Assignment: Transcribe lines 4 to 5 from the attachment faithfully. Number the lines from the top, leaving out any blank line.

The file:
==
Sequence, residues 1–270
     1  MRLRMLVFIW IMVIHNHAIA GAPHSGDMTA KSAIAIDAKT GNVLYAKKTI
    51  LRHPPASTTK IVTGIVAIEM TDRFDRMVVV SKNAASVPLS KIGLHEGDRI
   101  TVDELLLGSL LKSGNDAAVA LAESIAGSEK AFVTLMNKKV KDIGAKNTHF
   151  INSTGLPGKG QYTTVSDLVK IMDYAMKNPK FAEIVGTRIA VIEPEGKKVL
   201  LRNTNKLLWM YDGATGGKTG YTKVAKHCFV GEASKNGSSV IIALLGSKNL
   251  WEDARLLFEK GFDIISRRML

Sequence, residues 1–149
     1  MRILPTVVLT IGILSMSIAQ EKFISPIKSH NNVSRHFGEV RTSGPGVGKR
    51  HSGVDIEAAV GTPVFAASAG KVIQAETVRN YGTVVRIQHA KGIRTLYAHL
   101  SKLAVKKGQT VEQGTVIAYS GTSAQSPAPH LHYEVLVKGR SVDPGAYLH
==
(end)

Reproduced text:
   101  TVDELLLGSL LKSGNDAAVA LAESIAGSEK AFVTLMNKKV KDIGAKNTHF
   151  INSTGLPGKG QYTTVSDLVK IMDYAMKNPK FAEIVGTRIA VIEPEGKKVL